Bundesverband der pharmazeutischen Industrie e.V. (BPI) VfAeVV BdAeVB, Verband aktiver Pharmaunternehmer e.V. (VAP). Zusammenstellung von Gegenanzeigen, Anwendungsbeschränkungen, Neben- Wechselwirkungen und Intoxikationen. Rote Liste Service GmbH; 2000Google Scholar
Edwards IR, Aronson JK. Adverse drug reactions: definitions, diagnosis, and management. Lancet 2000; 356(9237): 1255–9PubMedCrossRefGoogle Scholar
Naranjo CA, Busto U, Sellers EM, et al. A method for estimating the probability of adverse drug reactions. Clin Pharmacol Ther 1981; 30(2): 239–45PubMedCrossRefGoogle Scholar
Schumock GT, Thornton JP. Focusing on the preventability of adverse drug reactions [letter]. Hosp Pharm 1992; 27(6): 538PubMedGoogle Scholar
Chan TY, Chan JC, Tomlinson B, et al. Adverse reactions to drugs as a cause of admissions to a general teaching hospital in Hong Kong. Drug Saf 1992; 7(3): 235–40PubMedCrossRefGoogle Scholar
Huic M, Mucolic V, Vrhovac B, et al. Adverse drug reactions resulting in hospital admission. Int J Clin Pharmacol Ther 1994; 32(12): 675–82PubMedGoogle Scholar
Hallas J, Jensen KB, Grodum E, et al. Drug-related admissions to a department of medical gastroenterology: the role of self-medicated and prescribed drugs. Scand J Gastroenterol 1991; 26(2): 174–80PubMedCrossRefGoogle Scholar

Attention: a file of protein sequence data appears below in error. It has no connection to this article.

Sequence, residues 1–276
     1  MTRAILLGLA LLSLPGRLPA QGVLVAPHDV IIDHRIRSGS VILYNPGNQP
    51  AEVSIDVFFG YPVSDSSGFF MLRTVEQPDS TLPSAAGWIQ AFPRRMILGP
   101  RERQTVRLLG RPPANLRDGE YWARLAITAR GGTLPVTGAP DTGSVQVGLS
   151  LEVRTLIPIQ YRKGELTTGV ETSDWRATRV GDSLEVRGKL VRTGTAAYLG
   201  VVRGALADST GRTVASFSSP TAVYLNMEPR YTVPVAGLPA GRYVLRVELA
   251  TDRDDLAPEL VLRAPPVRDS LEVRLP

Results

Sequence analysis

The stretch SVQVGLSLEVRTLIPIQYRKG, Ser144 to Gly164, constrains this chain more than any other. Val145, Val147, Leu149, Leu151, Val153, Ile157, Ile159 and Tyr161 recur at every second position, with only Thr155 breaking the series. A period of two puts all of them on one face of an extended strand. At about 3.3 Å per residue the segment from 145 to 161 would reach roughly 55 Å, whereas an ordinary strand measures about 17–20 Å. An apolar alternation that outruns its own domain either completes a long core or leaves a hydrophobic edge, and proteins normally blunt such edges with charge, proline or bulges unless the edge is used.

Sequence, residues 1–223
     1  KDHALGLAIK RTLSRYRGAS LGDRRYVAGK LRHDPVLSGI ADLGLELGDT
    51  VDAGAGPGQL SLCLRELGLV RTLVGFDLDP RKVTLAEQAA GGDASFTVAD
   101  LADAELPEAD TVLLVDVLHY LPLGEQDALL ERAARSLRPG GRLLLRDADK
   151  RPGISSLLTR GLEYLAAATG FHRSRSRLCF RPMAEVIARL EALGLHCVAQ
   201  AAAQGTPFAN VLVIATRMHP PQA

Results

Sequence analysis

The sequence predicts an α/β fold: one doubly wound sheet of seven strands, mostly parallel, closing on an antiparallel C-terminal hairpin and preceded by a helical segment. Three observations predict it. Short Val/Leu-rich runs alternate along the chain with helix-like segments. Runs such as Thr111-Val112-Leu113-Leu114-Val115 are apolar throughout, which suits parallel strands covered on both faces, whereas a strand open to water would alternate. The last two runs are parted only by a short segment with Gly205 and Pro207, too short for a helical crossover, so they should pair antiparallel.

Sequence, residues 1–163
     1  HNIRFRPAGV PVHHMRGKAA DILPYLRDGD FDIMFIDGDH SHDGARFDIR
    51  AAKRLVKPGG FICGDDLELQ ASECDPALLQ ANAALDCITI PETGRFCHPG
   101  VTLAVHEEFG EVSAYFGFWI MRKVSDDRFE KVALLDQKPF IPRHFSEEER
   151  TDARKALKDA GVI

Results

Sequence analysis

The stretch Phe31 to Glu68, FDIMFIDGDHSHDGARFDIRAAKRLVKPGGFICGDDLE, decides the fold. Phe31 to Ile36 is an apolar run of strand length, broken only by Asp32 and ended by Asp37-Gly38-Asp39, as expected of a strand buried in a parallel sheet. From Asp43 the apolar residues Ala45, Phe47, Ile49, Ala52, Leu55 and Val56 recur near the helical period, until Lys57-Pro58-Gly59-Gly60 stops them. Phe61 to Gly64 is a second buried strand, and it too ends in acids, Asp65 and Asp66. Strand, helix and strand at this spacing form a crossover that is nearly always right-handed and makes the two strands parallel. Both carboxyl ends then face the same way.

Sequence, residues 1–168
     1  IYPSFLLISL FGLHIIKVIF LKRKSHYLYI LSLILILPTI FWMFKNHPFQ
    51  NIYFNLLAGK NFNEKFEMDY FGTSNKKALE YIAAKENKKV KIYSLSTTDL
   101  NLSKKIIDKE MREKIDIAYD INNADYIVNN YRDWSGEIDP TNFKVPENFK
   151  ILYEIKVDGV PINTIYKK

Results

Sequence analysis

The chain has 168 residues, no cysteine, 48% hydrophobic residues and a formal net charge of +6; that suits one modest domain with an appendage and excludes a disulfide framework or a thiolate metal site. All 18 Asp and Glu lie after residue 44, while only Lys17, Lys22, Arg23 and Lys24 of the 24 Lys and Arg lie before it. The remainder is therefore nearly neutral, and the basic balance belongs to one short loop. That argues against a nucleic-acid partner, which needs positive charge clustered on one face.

Bates DW, Cullen DJ, Laird N, et al. Incidence of adverse drug events and potential adverse drug events: implications for prevention. ADE Prevention Study Group. JAMA 1995; 274(1): 29–34PubMedCrossRefGoogle Scholar
Rothschild JM, Bates DW, Leape LL. Preventable medical injuries in older patients. Arch Intern Med 2000; 160(18): 2717–28PubMedCrossRefGoogle Scholar
Gurwitz JH, Field TS, Avorn J, et al. Incidence and preventability of adverse drug events in nursing homes. Am J Med 2000; 109(2): 87–94PubMedCrossRefGoogle Scholar
Smith JW, Seidl LG, Cluff LE. Studies on the epidemiology of adverse drug reactions: V. clinical factors influencing susceptibility. Ann Intern Med 1966; 65(4): 629–40PubMedGoogle Scholar
Bates DW, Miller EB, Cullen DJ, et al. Patient risk factors for adverse drug events in hospitalized patients: ADE Prevention Study Group. Arch Intern Med 1999; 159(21): 2553–60PubMedCrossRefGoogle Scholar
Kohler GI, Bode-Boger SM, Busse R, et al. Drug-drug interactions in medical patients: effects of in-hospital treatment and relation to multiple drug use. Int J Clin Pharmacol Ther 2000; 38(11): 504–13PubMedGoogle Scholar
Gosney M, Tallis R. Prescription of contraindicated and interacting drugs in elderly patients admitted to hospital. Lancet 1984; II(8402): 564–7CrossRefGoogle Scholar
Waxman HS, Worley WE. Computer-assisted adult medical diagnosis: subject review and evaluation of a new microcomputer-based system. Medicine (Baltimore) 1990; 69(3): 125–36Google Scholar